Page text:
The CA ordered Atty. Gallardo to file another motion to withdraw
with Razon’s conformity; thus Atty. Gallardo filed a motion dated
13
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13
February 1, 1999, with a signature, purportedly that of Razon’s.
Later, the CA received a Manifestation dated February 17, 1999,
stating that Atty. Gallardo’s firm could not secure Razon’s signature to
signify his conformity to Atty. Gallardo’s withdrawal as his counsel,
Atty. Gallardo thus requested that he be relieved
14
of his responsibilities
as counsel even without Razon’s conformity.

_______________

8 Records, p. 422. (RTC Decision p. 7).


9 CA Rollo, pp. 16-17.
10 Id., at p. 19.
11 Id., at pp. 20-27.
12 Id., at pp. 30-31.
13 Id., at pp. 35-36.
14 Id., at pp. 38-39.

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Due to the inconsistency of the manifestations of Atty. Gallardo in his


motions dated February 1, 1999 and February 17, 1999, the CA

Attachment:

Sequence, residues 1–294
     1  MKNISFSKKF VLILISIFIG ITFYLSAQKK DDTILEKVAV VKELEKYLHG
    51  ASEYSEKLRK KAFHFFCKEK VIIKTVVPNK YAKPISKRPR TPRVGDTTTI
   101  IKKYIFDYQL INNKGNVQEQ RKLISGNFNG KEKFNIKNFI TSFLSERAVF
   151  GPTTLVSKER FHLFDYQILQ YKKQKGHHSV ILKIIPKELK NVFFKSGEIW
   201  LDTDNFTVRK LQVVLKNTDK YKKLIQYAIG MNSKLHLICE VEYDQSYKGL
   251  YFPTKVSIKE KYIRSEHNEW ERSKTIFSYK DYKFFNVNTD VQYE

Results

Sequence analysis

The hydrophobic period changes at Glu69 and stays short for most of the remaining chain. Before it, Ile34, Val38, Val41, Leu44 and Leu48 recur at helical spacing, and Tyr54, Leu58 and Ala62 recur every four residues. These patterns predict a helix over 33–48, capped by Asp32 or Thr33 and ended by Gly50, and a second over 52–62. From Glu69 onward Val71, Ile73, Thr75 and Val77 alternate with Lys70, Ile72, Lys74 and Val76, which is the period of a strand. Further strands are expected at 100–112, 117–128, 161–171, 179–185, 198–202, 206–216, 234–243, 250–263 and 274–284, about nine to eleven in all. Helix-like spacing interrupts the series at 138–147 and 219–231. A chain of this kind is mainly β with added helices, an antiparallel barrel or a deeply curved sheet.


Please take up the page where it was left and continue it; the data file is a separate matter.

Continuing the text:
issued a Resolution directing Razon to manifest the authenticity of his
signature appearing on the February 1, 1999 motion to withdraw as
counsel filed by Atty. Gallardo. The CA also required Razon to cause 15
the entry of appearance of a new counsel within 5 days from notice.
On August 27, 1999, the CA granted Atty. Gallardo’s motion to
withdraw as counsel and directed Razon anew to cause the entry of
appearance of his new counsel or manifest whether he wanted the CA
to appoint a counsel de oficio to defend him, within five days from
notice with warning that failure to 16
comply with said Resolution shall
cause the dismissal of his appeal.
On February 22, 2000, the CA again issued a Resolution which
noted the Judicial Records Division (JRD) report that no compliance
had been filed by Razon with the resolution dated August 27, 1999;
considered the right of the accused to be represented by counsel as
waived; and directed the JRD, 17
in the interest of justice, to resend the
notice to file brief to Razon. On February 28, 2000, the CA issued
another notice to18
file brief, this time addressed to and received by